The Fresh Loaf

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Roggenmehl dunkel - whole grain or not?

Ilya Flyamer's picture
Ilya Flyamer

Roggenmehl dunkel - whole grain or not?

I got a bag of dark rye flour - Roggenmehl dunkel - from a local mill. I assumed it would be actually just whole rye flour, since it would be the most likely flour to be sold. However I opened it yesterday, and the flour actually looks much darker than I am used to. It doesn't have any nutritional info on the bag, and I can't find that info online on the website of the mill either (

Info on the website is confusing: in the main section with prices they only list light or dark rye, and no "whole rye flour", while below in the "Ladensortiment" sektion (what's available in their shop) they also list the whole grain rye flour... Is there another way to figure it out?
And if it's not whole grain but enriched for bran relative to whole grain, any specific recommendations how to use it?

I wish the German standardization influence spread just a few km across the border into Switzerland too :)

semolina_man's picture

 Can you post a photo?  I use Breadtopia's whole rye and it bakes a medium brown when mixed 66 rye/37 ap flours.  


Try it as a pure rye bake, or combine it with white AP and post photos of the results!

Ilya Flyamer's picture
Ilya Flyamer

Good idea about a picture. It's a bit hard to capture the subtle colour differences though. Here it is side by side with just regular plain white flour.

It's not that dark really, but it appears like even the lightest fraction of the flour is more cream coloured, not white...

I think it actually looks quite similar to 2500, now that I found its picture here:

Mini Oven's picture
Mini Oven

but this time flatten the top of the little flour pile with the back of a spoon? This tends to show the coarseness of the flour.  Rub some between your fingers and compare to the white flour.  Thanks.


semolina_man's picture

Looks the same color as Breadtopia "whole rye".  It doesn't look terribly dark to me. works well for me in both directions with German and English.  I use it nearly daily for this. 


alcophile's picture

It may be the same as Austrian T2500, or Schwarzroggenmehl. Stanley Ginsberg in The Rye Baker describes this as the flour left after light rye has been sifted out. So, more than whole grain?

Ginsberg had a retail outlet that sold dark rye flour from Bay State Milling. I had some of this and it was definitely darker than Breadtopia's whole rye that I had also been using. It also behaved very different from other rye flours. It really absorbed a lot of water and was clay-like. Flavor was RYE!!!!!.The German and Austrian blogs seem to indicate that no more than 20% should be used in an all-rye bread.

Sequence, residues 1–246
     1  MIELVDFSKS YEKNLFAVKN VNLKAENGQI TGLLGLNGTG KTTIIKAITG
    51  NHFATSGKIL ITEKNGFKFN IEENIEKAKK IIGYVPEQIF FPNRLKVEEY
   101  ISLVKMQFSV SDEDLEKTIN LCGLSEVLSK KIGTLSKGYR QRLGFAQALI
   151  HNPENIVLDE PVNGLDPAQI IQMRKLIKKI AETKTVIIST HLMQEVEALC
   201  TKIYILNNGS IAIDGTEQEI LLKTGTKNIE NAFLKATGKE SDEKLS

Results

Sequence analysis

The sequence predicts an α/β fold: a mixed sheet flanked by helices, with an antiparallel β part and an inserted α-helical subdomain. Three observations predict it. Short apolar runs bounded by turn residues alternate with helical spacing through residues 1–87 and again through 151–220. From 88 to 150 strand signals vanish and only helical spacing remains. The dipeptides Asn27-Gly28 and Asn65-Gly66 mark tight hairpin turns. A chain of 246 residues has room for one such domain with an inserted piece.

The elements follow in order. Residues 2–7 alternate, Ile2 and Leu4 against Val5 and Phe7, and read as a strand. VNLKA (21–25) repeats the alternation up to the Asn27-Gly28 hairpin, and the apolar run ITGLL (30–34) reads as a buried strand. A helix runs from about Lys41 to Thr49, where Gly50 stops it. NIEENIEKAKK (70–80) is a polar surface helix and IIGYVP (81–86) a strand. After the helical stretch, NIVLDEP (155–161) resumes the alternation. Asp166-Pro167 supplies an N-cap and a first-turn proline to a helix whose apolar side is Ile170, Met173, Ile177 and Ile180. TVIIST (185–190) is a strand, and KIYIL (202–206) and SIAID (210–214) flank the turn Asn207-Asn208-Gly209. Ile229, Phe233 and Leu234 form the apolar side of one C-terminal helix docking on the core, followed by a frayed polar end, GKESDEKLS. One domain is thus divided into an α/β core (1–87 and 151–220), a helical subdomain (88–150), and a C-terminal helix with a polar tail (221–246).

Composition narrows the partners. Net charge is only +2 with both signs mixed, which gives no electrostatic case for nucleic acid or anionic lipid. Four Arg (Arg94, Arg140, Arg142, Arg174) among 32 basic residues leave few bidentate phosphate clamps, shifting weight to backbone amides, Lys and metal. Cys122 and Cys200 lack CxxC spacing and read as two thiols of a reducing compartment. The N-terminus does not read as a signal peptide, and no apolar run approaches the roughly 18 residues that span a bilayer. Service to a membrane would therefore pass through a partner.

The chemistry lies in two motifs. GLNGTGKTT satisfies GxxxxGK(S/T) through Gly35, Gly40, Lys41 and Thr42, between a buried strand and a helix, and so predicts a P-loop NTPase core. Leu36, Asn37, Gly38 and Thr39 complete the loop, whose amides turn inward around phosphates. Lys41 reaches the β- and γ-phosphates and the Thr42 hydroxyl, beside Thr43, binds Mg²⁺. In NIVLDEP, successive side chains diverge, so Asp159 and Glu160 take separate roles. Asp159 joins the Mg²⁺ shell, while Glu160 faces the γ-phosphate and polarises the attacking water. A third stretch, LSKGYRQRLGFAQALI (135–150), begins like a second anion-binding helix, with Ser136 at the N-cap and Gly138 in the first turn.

However, Brotpoet had a Scharzroggen Kruste recipe that used 35% T2500 and 65% T1050 wheat flour. I made that a couple of times and it was delicious. The blog is now private, so you have to find the recipe using the Wayback Machine on (

mariana's picture

Ilya, Swiss millers call rye flours dark even if they are medium rye flours. Anything that is not light rye, they will call dark rye for their retail customers. Some indicate rye flour type or ash, others, like your miller, don't.

So we don't know whether it's whole rye flour that they list on their menu, or leftovers after milling their light rye flour, i.e. 30% bran rye flour with a little endosperm in it. 

For example. This company based in Zurich, Gebana AG, sells their organic rye flour as dark rye (RYE FLOUR, DARK SCHWEIZ ORGANIC, but indicates that it is medium rye (type 1150):

Dark flour made from Swiss organic rye, type 1150. Ideal for rye breads or mixed breads together with wheat or spelt flour. Milled at the Kofmel mill in Deitingen, Switzerland. The Kofmel family is the third generation to run the family business. They source the grain from farmers in the region with whom they have a long-lasting working relationship. 

The simplest way to verify what kind of flour it is and its baking properties, is express baking test. If you have rye flours with known ash content a.k.a. flour type and sugar content (in lieu of its falling number), for example, medium rye, whole rye, dark rye (Austrian type 2500), you can

- take 50g of each, including your mystery dark rye flour,

- mix each with 40 g of water,

- make a ball with each paste and compare their looks, take a picture.

-Then bake them for 20 min at 200C in a preheated oven or air fryer.

- Wait until they cool a bit and cut them in half. Compare and take a picture. 

Example. Our Ontario dark rye flour, described as whole grain dark rye, turned out not being whole grain rye, or medium rye, but the leftovers from producing light rye and medium rye flours. 

This is how it looks in a ball compared to light rye, two medium ryes, whole grain rye. When wet, you can not only notice differences in color which can depend on the color of bran particles which vary, but in the amount of bran in each flour. 

From left to right: Polish light rye flour Typ 720, Russian medium rye flour, American medium rye flour, Canadian whole rye flour, Canadian dark rye flour. 

Baked for 20 min at 200C/400deg F in an air fryer. We can see that each ball is differently colored after baking. Some are nicely browned, they have enzymes that produced both free aminos and sugars in flour and our dark rye mystery flour hasn't browned at all and is very gritty to touch - lots of fiber!